Let me explain. Right now Washington is obsessed with the sequester and the blame game and the “continuing resolution” and the next debt-ceiling showdown. And not without reason. Heck, the president is canceling White House tours, so things are tough all over.
But Paul Ryan’s new budget, slated to be unveiled next week, will alter the debate in ways no one has prepared for.
To be sure, I expect Ryan’s new blueprint to be another exercise in faith-based budgeting, a duplicitous document that pretends once more that taxes don’t need to rise as the baby boomers retire and we double the number of people on Social Security and Medicare (though Ryan will quietly bank Obama’s recent tax hikes on top earners). It will thus rely on magic asterisks while ravaging government, save for programs serving seniors and defense.
But – and this a big “but” – Ryan’s plan will call for the budget to be balanced in 10 years.
This new goal is a game-changer. Until now, Ryan’s plans have been regressive, phony blueprints that also mocked all notions of prudence by not reaching balance for three decades. Though he managed to fool the press and even many arbiters of budget sanity into thinking otherwise, Ryan’s plans were never fiscally conservative.
Next week, Ryan’s plan will still be regressive and phony. But if early reports are correct, it will show on paper a path to balance in 10 years. No matter how magic the asterisks and specious the assumptions, the embrace of this goal will transform the debate.
Why? Because even as Democrats attack Ryan’s plans along familiar lines – critiques the press has heard for years now and will find boring – they will be forced to respond to what’s new here. Are Democrats in favor of balancing the budget or not? If not, why not? You mean never? And if so, by when?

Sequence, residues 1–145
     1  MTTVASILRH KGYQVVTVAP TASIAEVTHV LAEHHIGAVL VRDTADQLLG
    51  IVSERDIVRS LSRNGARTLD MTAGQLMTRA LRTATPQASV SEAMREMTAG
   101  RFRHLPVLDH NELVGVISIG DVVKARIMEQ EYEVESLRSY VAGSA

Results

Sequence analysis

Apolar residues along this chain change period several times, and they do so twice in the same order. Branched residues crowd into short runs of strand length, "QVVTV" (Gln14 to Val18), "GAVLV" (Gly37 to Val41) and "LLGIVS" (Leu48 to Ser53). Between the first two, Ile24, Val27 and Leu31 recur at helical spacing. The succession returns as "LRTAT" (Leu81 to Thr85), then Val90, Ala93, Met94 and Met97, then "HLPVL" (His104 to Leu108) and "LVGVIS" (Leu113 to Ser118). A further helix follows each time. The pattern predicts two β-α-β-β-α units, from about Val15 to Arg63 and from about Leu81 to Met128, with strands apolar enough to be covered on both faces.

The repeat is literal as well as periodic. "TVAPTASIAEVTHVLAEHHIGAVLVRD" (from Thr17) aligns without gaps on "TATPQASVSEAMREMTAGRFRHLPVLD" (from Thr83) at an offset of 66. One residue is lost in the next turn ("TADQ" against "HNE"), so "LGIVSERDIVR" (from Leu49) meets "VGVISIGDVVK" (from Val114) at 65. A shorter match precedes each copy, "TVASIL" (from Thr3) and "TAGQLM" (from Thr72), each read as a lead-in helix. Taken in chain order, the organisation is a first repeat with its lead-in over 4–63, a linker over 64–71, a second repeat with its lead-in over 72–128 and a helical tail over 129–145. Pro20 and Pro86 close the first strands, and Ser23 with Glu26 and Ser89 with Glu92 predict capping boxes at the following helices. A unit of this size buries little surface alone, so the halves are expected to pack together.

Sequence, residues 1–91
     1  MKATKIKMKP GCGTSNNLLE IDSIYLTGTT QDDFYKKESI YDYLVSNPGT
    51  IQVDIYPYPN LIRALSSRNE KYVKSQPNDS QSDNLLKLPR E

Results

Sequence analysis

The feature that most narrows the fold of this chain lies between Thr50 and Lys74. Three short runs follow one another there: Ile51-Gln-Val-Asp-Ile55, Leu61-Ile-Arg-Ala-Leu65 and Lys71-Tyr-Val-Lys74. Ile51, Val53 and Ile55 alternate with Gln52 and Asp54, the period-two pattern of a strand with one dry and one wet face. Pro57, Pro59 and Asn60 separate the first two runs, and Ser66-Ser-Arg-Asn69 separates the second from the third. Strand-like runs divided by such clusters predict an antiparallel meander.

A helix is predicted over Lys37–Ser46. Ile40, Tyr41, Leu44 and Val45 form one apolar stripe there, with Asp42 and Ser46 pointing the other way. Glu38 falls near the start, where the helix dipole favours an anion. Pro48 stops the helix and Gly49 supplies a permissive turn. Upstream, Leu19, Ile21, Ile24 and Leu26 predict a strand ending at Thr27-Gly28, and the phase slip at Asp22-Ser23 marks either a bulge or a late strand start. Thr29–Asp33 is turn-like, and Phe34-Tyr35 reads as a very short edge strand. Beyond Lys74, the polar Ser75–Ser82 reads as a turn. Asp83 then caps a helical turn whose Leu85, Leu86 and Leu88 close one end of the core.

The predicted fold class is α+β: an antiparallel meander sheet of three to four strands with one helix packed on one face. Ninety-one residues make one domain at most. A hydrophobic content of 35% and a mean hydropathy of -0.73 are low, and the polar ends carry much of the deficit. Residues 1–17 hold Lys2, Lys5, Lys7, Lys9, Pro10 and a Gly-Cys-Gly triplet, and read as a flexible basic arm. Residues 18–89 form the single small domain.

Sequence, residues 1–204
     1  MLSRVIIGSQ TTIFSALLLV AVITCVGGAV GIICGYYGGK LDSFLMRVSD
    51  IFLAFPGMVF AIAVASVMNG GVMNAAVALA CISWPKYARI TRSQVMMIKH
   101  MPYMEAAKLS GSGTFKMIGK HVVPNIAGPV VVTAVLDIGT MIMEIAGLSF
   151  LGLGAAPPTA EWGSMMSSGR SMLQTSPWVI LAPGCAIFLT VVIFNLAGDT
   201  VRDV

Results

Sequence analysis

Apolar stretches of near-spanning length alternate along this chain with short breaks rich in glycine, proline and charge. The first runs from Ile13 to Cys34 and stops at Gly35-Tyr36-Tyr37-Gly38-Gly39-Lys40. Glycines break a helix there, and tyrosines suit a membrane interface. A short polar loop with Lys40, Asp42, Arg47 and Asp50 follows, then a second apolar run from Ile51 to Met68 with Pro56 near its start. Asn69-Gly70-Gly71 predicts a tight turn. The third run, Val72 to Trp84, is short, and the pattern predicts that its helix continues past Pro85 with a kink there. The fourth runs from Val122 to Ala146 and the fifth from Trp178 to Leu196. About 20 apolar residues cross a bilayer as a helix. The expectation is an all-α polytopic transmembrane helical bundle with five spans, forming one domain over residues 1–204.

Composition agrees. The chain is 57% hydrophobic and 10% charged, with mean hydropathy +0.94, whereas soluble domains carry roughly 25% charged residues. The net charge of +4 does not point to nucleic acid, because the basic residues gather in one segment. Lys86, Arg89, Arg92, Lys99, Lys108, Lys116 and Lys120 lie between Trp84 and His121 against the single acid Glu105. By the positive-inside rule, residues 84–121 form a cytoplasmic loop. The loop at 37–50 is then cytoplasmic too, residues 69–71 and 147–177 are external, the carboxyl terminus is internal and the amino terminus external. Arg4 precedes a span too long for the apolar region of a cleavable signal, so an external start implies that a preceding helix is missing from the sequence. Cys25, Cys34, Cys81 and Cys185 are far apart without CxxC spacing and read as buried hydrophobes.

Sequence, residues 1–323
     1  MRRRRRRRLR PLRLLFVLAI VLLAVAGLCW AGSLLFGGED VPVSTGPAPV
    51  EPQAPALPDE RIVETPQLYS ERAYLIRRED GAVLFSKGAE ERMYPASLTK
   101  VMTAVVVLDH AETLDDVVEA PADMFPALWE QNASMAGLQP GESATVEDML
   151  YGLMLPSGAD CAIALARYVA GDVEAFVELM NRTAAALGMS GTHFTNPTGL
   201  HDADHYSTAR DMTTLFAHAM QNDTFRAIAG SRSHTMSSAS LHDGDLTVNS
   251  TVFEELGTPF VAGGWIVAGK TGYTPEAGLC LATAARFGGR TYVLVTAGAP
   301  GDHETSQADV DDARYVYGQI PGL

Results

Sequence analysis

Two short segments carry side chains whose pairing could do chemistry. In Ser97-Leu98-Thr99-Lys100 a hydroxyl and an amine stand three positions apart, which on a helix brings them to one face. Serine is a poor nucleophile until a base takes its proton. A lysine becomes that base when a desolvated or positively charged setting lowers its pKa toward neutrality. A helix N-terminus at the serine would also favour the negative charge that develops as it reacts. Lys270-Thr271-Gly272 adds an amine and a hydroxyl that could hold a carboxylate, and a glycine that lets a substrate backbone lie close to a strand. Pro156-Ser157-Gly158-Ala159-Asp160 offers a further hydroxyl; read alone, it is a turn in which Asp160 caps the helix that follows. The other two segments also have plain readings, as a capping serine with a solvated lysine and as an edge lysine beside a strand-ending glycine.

This is exactly the dilemma Clinton faced in 1995. After Democrats were walloped in the historic GOP sweep of 1994, Gingrich led his troops to offer a plan to balance the budget in seven years. In the face of this assault on his fiscal chops, Clinton wavered. Part of him wanted no part of such a goal. After all, in his original 1993 economic package he’d made some tough, responsible choices to get the deficit under control (including tax hikes on the top 2 percent), and voters had rebuffed him in the midterms. Let the GOP do the heavy lifting for a while, he and his political advisers thought.
At the same time, Clinton’s economic advisers told him that balancing the budget in anything less than 10 years would tank the economy (as it turned out, the budget was balanced a few years later and the economy boomed, proving that presidents – and all of us — need to take economists’ advice with a hefty dose of doubt).